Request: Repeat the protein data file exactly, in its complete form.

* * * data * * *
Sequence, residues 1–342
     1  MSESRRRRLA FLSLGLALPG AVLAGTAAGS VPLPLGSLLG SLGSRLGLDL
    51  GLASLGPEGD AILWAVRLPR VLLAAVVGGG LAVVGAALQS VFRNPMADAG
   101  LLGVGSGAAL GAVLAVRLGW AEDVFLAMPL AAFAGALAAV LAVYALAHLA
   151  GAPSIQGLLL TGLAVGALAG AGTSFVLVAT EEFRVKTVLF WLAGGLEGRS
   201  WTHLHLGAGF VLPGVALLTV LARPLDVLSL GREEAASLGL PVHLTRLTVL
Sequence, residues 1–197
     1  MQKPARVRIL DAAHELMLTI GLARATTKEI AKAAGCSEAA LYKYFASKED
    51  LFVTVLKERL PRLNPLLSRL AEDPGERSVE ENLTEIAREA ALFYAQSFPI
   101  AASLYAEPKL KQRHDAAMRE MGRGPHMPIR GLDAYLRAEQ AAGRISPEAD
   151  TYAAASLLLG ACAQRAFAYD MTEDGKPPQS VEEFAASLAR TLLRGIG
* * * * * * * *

Sequence, residues 1–342
     1  MSESRRRRLA FLSLGLALPG AVLAGTAAGS VPLPLGSLLG SLGSRLGLDL
    51  GLASLGPEGD AILWAVRLPR VLLAAVVGGG LAVVGAALQS VFRNPMADAG
   101  LLGVGSGAAL GAVLAVRLGW AEDVFLAMPL AAFAGALAAV LAVYALAHLA
   151  GAPSIQGLLL TGLAVGALAG AGTSFVLVAT EEFRVKTVLF WLAGGLEGRS
   201  WTHLHLGAGF VLPGVALLTV LARPLDVLSL GREEAASLGL PVHLTRLTVL
Sequence, residues 1–197
     1  MQKPARVRIL DAAHELMLTI GLARATTKEI AKAAGCSEAA LYKYFASKED
    51  LFVTVLKERL PRLNPLLSRL AEDPGERSVE ENLTEIAREA ALFYAQSFPI
   101  AASLYAEPKL KQRHDAAMRE MGRGPHMPIR GLDAYLRAEQ AAGRISPEAD
   151  TYAAASLLLG ACAQRAFAYD MTEDGKPPQS VEEFAASLAR TLLRGIG